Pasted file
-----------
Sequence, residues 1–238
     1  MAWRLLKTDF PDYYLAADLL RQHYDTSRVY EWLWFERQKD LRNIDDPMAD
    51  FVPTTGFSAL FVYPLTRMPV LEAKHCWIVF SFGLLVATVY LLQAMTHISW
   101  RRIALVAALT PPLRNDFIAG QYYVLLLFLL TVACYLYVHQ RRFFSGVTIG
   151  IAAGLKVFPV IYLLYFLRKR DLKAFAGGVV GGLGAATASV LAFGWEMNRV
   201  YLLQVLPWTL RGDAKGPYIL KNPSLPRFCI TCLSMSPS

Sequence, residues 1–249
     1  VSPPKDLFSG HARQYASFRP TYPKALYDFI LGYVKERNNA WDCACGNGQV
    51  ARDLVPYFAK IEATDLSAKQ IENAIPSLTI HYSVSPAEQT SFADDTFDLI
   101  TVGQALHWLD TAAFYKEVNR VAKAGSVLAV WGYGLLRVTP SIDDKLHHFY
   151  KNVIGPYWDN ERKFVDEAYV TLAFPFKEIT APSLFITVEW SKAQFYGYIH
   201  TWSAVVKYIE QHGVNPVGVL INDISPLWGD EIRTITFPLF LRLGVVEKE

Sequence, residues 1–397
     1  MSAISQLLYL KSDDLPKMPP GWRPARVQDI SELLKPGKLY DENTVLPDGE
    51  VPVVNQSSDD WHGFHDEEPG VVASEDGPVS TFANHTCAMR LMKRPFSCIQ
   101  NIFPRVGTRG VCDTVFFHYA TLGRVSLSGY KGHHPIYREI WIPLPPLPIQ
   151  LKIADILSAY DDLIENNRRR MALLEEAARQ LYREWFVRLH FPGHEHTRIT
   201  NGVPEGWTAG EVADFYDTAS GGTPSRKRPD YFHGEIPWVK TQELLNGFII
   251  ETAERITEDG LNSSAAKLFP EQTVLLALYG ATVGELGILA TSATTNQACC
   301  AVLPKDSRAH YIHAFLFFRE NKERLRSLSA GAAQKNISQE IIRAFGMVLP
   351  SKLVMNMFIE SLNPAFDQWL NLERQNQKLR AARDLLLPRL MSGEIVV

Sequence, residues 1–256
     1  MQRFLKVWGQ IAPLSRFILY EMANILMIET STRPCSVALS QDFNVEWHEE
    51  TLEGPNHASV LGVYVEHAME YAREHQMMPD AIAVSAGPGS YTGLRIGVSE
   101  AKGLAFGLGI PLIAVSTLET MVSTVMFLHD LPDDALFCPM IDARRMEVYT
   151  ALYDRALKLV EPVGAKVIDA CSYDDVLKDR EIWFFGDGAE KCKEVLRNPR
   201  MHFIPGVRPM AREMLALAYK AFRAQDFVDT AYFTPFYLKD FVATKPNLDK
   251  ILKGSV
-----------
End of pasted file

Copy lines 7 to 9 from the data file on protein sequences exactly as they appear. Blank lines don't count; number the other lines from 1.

Sequence, residues 1–249
     1  VSPPKDLFSG HARQYASFRP TYPKALYDFI LGYVKERNNA WDCACGNGQV
    51  ARDLVPYFAK IEATDLSAKQ IENAIPSLTI HYSVSPAEQT SFADDTFDLI